The belief that certain built environments can engender more salubrious, productive, or otherwise positive behaviours, what Corburn calls ‘moral environmentalism’, punctuates the practical and theoretical histories of city planning and urbanism (Corburn, 2004). Still, planners’ assumptions about user emotions and behaviours have also led to design errors, in some instances exacerbating the very social problems the plans were intended to address. For example, ‘towers in the park’ designs for urban housing, popularised following World War I by urban designer Le Corbusier and others, sought to afford weary workers with the restorative aspects of nature. Writing in 1929, Le Corbusier explained the primacy of open spaces in his designs: ‘work in our modern world becomes more intensified day by day, and its demands affect our nervous system in a way that grows more and more dangerous. Modern toil demands quiet and fresh air, not stale air. The towns of today can only increase in density at the expense of the open spaces, which are the lungs of the city’ (Le Corbusier, 1987; p. 167). These ideals were incorporated into major urban plans of time, including public housing developments in the United States; in the American experience, it was found that instead of alleviating the stresses and social challenges of the urban poor, these designs concentrated them in quickly stigmatised high-rise developments, many of which were eventually demolished (Hoffman, 1996). Yet the issue of chronically stressful neighbourhood environments, due to high rates of crime, noise and air pollution, and low-quality or unstable housing conditions, extends far beyond those designed within explicitly moral environmentalist paradigms (Lorenc, et al., 2013; Gong et al., 2016; Śliwińska-Kowalska and Zaborowski, 2017). These persistent challenges faced by modern planners and urban policymakers highlight a need for interdisciplinary approaches to ensure that research does not in fact exacerbate the problem of urban stress, and the opportunities for methodological development in this field.

Principles for Citizen Social Science

This diversity of defining and measuring stress has not stemmed popular or scientific interest in its application to technologically sensing the urban experiences, emotions and environmental stressors of individuals and populations (Mukhopadhyay, 2015; Can et al., 2019). The promise of real or near-time public feedback inherent in crowd-sourced or otherwise electronically volunteered data is an attractive opportunity to evaluate the impact of interventions, including those to the built environment and workplace stress (Betti et al., 2018), to assess opportunities for adaptation or improvement, or justify urban design and planning initiatives with ‘objective’ data.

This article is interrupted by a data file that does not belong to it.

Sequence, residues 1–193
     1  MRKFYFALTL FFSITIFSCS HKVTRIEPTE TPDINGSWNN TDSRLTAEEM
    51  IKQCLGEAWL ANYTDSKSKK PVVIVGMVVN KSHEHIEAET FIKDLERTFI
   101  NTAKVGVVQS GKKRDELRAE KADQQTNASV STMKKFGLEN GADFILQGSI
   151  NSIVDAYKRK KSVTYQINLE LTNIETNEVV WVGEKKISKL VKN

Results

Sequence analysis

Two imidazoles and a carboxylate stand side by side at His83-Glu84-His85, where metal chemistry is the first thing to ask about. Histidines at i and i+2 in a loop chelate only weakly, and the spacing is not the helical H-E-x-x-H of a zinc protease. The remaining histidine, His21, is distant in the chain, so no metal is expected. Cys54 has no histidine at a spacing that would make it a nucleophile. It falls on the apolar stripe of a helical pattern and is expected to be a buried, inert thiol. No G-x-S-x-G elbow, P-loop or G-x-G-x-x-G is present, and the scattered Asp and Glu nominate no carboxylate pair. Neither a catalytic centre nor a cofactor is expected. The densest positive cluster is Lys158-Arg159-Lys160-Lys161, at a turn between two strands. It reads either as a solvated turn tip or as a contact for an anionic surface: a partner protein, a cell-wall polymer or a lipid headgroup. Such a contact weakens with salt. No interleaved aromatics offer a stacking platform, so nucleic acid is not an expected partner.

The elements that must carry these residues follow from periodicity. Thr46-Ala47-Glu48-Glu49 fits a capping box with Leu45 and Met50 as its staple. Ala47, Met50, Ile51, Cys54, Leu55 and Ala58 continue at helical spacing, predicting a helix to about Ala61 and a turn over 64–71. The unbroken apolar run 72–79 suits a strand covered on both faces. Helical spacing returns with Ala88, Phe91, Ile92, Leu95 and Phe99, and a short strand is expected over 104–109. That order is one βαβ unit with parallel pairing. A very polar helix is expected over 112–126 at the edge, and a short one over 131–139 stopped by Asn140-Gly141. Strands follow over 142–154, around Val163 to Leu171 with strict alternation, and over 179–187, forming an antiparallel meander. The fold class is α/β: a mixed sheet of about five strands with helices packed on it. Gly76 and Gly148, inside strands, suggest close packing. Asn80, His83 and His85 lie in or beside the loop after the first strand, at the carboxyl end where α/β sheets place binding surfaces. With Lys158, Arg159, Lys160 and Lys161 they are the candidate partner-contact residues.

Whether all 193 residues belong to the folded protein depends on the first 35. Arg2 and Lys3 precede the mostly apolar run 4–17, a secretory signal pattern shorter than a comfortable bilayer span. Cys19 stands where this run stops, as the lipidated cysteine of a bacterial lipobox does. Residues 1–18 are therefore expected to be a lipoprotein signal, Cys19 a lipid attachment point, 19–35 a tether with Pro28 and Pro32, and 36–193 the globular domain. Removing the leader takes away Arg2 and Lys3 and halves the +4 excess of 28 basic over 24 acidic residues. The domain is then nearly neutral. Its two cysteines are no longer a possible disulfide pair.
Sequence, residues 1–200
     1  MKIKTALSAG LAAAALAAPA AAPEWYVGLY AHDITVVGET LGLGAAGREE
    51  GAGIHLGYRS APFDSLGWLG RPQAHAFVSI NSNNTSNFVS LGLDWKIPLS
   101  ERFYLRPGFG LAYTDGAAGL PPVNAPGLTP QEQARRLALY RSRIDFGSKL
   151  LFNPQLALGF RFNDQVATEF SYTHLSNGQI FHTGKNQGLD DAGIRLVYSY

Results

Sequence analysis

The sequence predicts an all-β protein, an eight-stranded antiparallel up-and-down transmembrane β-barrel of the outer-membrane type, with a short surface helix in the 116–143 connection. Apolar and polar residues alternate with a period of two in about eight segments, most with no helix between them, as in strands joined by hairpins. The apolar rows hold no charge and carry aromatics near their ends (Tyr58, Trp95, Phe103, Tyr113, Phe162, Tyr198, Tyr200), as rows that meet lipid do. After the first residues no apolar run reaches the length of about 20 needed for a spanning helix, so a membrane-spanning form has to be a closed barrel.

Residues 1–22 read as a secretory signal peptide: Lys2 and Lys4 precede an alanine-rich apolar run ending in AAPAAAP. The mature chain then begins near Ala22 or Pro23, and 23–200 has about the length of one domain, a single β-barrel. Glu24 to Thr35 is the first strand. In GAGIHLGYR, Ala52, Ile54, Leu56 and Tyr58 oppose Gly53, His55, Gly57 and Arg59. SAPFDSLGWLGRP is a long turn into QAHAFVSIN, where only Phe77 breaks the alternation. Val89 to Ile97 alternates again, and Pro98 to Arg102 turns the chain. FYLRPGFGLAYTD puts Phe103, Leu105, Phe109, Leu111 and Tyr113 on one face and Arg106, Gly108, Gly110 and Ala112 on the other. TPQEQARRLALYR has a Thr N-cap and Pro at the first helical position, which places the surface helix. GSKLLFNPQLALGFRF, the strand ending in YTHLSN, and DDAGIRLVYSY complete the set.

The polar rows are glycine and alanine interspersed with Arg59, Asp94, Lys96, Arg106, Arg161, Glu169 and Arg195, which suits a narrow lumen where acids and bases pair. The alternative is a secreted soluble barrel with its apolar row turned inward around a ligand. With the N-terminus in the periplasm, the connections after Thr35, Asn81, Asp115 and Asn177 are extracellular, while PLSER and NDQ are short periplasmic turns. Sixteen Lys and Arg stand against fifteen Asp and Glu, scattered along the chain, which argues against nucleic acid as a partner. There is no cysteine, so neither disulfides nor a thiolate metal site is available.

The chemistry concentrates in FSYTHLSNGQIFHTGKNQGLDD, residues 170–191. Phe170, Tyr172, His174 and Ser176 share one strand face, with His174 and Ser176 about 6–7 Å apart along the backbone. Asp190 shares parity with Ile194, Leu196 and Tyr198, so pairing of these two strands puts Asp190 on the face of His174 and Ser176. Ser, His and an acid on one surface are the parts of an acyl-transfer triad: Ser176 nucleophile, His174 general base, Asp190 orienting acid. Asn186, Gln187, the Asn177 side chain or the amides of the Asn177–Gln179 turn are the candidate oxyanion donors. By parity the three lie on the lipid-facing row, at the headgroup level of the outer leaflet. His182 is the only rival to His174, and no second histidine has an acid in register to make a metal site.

Wearable biosensors are seen as attractive because they enable the continuous stream of physiological data with a high temporal resolution during daily routines in real-life situations (Healey and Picard, 2005). This resolution is not possible to be obtained with one-time measurements or self-reported questionnaires (Birenboim et al., 2019). In addition, sensor methods are seen to promise a lower level of ‘bias’ than that of psychometric instruments and scales (Acerbi et al., 2017; Betti et al., 2018; Birenboim et al., 2019; Wilhelm and Grossman, 2010). Furthermore, the unobtrusive design of wearable sensors has provided significant potential for real-world field studies without restricting participants’ mobility or routine (Birenboim et al., 2019; Mukhopadhyay, 2015; Wilhelm and Grossman, 2010; Zangróniz et al., 2017).

Simultaneous trends in data science toward ‘digital fingerprinting,’ or the creation and marketing of user and/or device-specific consumer profiles based on data inputs (e.g., geolocation, purchasing history, social media activity, smartphone use patterns, etc.) raise ethical concerns about how Citizen Science might be applied or commodified in various settings (Weber and Thouvenin, 2017). Indeed, in many contexts, consumer protections for digital data are still inadequate and fail to enforce key privacy principles and rights, such as the right to be forgotten (Thorun and Diels, 2019). Given the potential influence of these forces, it is necessary to consider how Citizen Science used for the purposes of understanding urban stress and human emotions can maintain standards of rigorous and ethical social science research. Here, we consider ethical principles regarding the data/privacy rights of participants, and recognise the practical, ethical, and scientific limits inherent in both Citizen Science methodologies and existing measures of human emotion.